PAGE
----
3.  Determine where the spray hit the dog.  Depending on your dog’s hair type, you may be able to trim away or comb out some of the affected hair.

4. You can use paper towels to soak up the oils from the coat before you begin washing. Be careful not to spread the oils from one part of the dog to another. Only wipe where the oils are already to avoid making the problem worse.

5.  When you’re ready to wash the dog, only clean the sprayed area.  Skunk spray is oily and can easily be spread all over the dog.  You will most likely have to give the dog more than one bath, so save an all-over bath until the second or third washing.

Well- I already failed with tip #2 as it was freezing outside and we live on the top floor of an apartment building so I couldn’t leave him outside. As for tip #3, I tried to locate where on his coat he was sprayed, but I couldn’t find a wet oily spot anywhere. I tried to wipe him with a paper towel but since I couldn’t find the oil spot it didn’t work.

Next the website said, “A couple old methods used [to get rid of the skunky smell] are saturating the dog’s coat in tomato juice or mouthwash and then bathing the dog thoroughly with a canine shampoo.  However the effectiveness of these methods are questionable and it is said that the tomato juice will leave your dogs coat all red.”

I tried to call my Dad, who over Christmas break was telling us about how our old Black Lab Jack used to get in a lot of “wilderness” trouble before us kids were born, and how my dad and mom had to use pliers to pull porcupine quills from his face once. I figured he would have some advice, but he didn’t pick up the phone. Next I dialed my mother, but she also didn’t pick up. So we were on our own.

I had only ever heard of tomato juice helping with skunk smell, so I went to our cupboard to see what we had. There was a jar of tomato garlic marinara sauce, and I figured garlic is better than skunk.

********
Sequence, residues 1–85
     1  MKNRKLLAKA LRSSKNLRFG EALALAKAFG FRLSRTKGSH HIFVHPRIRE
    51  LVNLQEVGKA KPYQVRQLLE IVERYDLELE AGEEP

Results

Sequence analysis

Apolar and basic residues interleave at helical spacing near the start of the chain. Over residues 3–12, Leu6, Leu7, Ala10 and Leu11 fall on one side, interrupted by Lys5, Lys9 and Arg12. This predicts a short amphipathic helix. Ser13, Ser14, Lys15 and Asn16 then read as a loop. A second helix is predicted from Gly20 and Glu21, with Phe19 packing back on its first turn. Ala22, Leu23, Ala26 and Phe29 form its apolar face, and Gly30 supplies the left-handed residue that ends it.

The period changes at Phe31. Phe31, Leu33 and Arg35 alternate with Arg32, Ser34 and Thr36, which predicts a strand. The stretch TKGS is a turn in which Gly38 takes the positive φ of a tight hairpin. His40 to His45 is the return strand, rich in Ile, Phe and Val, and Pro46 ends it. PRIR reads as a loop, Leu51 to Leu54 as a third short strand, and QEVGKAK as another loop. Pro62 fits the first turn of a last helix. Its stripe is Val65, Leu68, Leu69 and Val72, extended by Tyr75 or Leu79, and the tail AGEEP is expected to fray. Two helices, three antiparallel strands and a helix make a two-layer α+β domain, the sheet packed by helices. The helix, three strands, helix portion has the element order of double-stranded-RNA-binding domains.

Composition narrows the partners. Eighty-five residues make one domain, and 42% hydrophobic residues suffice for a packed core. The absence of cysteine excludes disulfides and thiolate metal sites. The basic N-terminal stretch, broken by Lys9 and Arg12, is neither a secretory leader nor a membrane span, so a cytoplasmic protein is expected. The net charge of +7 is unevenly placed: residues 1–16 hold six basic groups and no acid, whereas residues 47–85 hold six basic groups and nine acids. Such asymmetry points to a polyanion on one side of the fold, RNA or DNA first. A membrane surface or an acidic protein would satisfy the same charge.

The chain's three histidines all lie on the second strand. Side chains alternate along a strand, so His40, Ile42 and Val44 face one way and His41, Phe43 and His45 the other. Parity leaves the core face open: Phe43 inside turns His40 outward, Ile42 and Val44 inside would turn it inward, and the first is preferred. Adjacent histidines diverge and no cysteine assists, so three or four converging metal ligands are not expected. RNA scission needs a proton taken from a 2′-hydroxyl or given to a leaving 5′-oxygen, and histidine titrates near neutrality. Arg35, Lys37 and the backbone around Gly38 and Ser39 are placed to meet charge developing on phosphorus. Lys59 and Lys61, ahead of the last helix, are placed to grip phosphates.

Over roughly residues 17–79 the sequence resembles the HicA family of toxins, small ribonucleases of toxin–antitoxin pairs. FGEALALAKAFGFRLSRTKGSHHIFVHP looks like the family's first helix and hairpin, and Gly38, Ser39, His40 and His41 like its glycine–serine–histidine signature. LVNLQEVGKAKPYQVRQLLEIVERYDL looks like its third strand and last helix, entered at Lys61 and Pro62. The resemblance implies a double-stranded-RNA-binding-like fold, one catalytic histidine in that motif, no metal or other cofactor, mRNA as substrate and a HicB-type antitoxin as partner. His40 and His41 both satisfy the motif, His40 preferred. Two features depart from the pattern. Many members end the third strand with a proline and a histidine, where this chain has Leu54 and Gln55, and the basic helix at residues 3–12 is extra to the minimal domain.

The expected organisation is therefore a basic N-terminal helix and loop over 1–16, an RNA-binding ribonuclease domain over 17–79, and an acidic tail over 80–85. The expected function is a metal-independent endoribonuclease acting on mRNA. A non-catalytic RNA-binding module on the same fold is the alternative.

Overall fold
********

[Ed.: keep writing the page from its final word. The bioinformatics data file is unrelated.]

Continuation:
“But Mer, the website says the sauce might dye Sampson red!” P said.

“Do you really care what color he is right now?” I asked.

I stripped down to a t-shirt and underwear, opened the glass panel of the shower and poured the marinara sauce all over the dog, little bits of tomato and garlic matting into his fur. Of course Sampson shook out his coat, as dogs do, sending tomato sauce splattering all over me and the walls of the shower. I imagined it looked a little like the shower after the murder in Psycho. I yelled at him, while reaching down to rub the sauce deeper into his fur, and he, in turn, happily started licking up the sauce that was floating around the bathtub.

And if I couldn’t get P to eat marinara sauce before, I certainly won’t be able to do so after this!

I concluded round one by spraying Sampson down with our shower hose until he looked like a drowned rat.

Next I called to P to give me the mouthwash. Again I figured it couldn’t hurt, and splashed blue minty alcohol over his head and back. Another rinse.

Round three was shampoo. P emptied a bottle on his back from the safety of the opposite side of the glass shower door, while I used my nails to scrub the shampoo deep into his coats. I rubbed and rubbed and rubbed, then rinsed and rinsed and rinsed. We grabbed an old towel from the closet and soaked up the access water from his fur, and P took him out to the hallway to run back and forth a bit to dry off further.

Finally P took a large canister of talcum powder that his dad always sends from Nepal and we coated him in it. I wasn’t sure if it would help but P insisted that at least it smelled nice. Our black pup temporarily became white (“he looks like a skunk now” P mused), and again ran up and down the hallway, leaving puffs of powder in his wake.